Funding for the Methods Network ended March 31st 2008. The website will be preserved in its current state.

STAR – Semantic Technologies for Archaeological Resources

STAR is an AHRC-funded project based in the Department of Archaeology at the University of Glamorgan. The project is a collaboration between the University of Glamorgan, English Heritage and the Royal School of Library and Information Science, Denmark. It runs from January 2007 to January 2010.

STAR aims to exploit means to increase access to the vast mass of archaeological material currently available on the Internet. Such materials range from structured databases and repositories of digitised materials to ‘grey literature’ (that is, unpublished reports documenting archaeological projects and investigations). The project is investigating the potential of semantic terminology tools for widening and improving access to these resources, exploring the possibilities of combining a high level, core ontology with domain thesauri and natural language processing techniques.

STAR builds on the outcomes of FACET ( with links to a web demonstrator), a recently-completed EPSRC-funded research project that investigated the automatic expansion of faceted search queries, using the semantic relationships inherent in a thesaurus, in this case the Getty Art and Architecture Thesaurus (AAT).

The primary outcome of this project will be the design and implementation of a demonstrator search system and an evaluation of this system, with a view to its wider application in archaeological (and other) domains.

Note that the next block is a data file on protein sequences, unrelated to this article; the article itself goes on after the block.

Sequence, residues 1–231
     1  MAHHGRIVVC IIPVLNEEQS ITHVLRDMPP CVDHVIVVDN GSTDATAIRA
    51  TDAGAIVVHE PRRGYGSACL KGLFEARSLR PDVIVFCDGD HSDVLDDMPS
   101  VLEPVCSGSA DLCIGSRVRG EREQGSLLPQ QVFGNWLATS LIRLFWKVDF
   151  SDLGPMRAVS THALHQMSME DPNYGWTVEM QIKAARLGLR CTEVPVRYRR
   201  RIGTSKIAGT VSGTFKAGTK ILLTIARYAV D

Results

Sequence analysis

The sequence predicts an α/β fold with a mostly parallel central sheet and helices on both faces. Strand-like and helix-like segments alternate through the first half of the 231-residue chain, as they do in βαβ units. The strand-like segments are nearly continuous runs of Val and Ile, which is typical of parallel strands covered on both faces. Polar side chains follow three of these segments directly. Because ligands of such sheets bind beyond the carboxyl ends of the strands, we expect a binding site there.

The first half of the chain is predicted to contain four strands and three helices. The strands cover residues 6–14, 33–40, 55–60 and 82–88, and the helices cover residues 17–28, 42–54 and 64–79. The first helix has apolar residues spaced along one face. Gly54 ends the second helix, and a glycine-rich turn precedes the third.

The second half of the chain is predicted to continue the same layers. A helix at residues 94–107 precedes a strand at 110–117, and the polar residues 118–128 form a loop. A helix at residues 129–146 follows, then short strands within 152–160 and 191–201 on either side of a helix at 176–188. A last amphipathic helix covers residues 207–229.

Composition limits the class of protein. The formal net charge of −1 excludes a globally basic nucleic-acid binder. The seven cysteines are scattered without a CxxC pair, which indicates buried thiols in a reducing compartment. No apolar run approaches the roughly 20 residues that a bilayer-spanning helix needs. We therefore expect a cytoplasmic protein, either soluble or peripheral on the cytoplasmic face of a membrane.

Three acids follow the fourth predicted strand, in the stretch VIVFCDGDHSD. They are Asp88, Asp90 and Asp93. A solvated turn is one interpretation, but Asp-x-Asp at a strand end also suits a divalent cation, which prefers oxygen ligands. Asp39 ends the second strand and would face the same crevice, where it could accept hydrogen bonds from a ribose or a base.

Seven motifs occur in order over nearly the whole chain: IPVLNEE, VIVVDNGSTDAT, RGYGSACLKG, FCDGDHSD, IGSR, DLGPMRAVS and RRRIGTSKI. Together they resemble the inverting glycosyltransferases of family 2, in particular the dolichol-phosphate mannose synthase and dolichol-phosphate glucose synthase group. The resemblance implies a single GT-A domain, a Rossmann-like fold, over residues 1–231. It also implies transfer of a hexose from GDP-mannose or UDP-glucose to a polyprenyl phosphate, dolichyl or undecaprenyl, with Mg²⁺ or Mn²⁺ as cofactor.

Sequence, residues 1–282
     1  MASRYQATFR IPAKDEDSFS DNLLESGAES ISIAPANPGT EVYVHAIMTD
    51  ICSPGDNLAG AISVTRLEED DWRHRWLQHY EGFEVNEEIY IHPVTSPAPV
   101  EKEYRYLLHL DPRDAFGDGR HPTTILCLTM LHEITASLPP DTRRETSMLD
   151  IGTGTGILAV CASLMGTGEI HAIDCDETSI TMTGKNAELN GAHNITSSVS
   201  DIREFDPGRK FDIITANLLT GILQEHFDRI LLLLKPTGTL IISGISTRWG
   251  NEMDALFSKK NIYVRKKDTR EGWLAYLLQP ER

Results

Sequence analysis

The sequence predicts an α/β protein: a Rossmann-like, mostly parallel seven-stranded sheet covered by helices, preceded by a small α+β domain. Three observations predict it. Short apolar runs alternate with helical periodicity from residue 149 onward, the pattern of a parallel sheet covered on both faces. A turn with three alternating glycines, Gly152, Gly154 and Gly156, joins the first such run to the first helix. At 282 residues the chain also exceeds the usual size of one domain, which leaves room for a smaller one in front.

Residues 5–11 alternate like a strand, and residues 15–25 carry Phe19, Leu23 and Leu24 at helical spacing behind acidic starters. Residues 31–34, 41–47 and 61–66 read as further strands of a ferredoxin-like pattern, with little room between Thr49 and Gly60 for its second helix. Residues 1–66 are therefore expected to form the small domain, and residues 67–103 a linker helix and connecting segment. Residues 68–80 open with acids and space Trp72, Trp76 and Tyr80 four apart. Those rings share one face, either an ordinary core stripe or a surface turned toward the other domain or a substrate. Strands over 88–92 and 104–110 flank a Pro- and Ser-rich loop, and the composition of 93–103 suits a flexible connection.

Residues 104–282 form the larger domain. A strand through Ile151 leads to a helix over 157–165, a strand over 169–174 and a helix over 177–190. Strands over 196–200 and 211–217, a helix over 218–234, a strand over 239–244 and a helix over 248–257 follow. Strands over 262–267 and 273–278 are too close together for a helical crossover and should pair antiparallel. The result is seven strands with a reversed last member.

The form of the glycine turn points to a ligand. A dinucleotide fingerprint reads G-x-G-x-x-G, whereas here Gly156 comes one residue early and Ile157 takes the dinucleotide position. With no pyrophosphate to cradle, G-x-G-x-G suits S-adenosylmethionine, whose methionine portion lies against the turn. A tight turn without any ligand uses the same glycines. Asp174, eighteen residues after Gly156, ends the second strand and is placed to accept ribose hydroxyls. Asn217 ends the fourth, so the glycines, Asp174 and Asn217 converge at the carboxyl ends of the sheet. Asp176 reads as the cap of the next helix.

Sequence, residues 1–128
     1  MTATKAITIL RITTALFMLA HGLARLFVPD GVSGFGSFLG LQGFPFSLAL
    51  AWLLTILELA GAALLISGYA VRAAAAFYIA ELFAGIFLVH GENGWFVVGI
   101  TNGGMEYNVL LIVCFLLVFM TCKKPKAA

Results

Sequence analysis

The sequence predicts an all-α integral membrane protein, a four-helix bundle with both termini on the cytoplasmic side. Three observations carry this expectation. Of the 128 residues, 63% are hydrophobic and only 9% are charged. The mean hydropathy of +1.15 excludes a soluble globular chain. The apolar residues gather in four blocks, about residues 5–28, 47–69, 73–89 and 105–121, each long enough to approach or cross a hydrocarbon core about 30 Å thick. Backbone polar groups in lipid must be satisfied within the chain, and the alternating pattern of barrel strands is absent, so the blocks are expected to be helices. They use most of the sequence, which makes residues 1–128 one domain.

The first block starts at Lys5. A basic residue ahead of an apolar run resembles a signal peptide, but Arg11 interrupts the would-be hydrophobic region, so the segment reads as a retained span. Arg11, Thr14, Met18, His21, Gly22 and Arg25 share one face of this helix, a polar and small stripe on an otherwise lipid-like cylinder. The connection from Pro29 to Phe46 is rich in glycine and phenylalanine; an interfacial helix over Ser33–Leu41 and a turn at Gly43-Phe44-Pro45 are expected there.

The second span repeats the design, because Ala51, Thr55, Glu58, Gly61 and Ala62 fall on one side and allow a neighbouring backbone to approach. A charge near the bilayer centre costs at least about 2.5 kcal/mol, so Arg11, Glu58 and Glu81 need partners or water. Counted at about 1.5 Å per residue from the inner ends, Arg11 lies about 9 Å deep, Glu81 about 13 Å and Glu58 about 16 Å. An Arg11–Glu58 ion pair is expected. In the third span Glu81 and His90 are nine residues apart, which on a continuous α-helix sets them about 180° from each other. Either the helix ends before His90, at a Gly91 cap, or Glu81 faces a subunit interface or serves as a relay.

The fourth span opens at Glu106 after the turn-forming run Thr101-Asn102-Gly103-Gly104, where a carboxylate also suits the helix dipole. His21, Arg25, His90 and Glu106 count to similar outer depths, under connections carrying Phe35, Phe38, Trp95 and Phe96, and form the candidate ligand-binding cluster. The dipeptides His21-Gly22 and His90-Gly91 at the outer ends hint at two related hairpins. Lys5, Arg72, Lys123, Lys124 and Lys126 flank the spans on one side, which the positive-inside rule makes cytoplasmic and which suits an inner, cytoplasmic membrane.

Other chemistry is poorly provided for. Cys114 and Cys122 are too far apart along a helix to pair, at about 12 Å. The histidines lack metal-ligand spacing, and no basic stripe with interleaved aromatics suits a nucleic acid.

The Project

Context and Aims

Despite the advances made in web search engine technologies in recent years, they remain inefficient as a means of access to resources in that they may only link or enable searches of datasets in the most straightforward ways. They are thus unsuitable for the conceptual or subject-based searches that would be of positive value to academic research or serious public inquiry. As any user of a typical search engine may testify, significant differences in results stem from trivial variations in search statements and from related but differing conceptualizations of a research inquiry.

In addition, scholarly cross-domain research often involves multi-concept expressions of a research question or information need. Conventional tools do not facilitate the necessary generalisation of the search statement when an exhaustive search is required. Mapping between lay and specialist vocabularies is also problematic.

There is therefore a need for tools which will assist in the formulation and refining of the search process via the application of a controlled vocabulary of concepts.

The archaeological sector is already experienced in employing Knowledge Organisation Systems (KOS - such as thesauri) to assist semantic interoperability. However, such tools are often not fully integrated into searching and indexing systems and online practice has tended to replicate traditional print environments. The full potential of knowledge resources in online environments has yet to be explored.

The CIDOC Conceptual Reference Model (CRM) is emerging as a potential standard, high level ontology within cultural heritage. It is envisaged as ‘semantic glue’ mediating between and binding different sources and types of information. English Heritage have extended the CRM to reflect the processes and events involved in archaeological excavation and analysis. This has particular relevance for archaeological cross-domain research.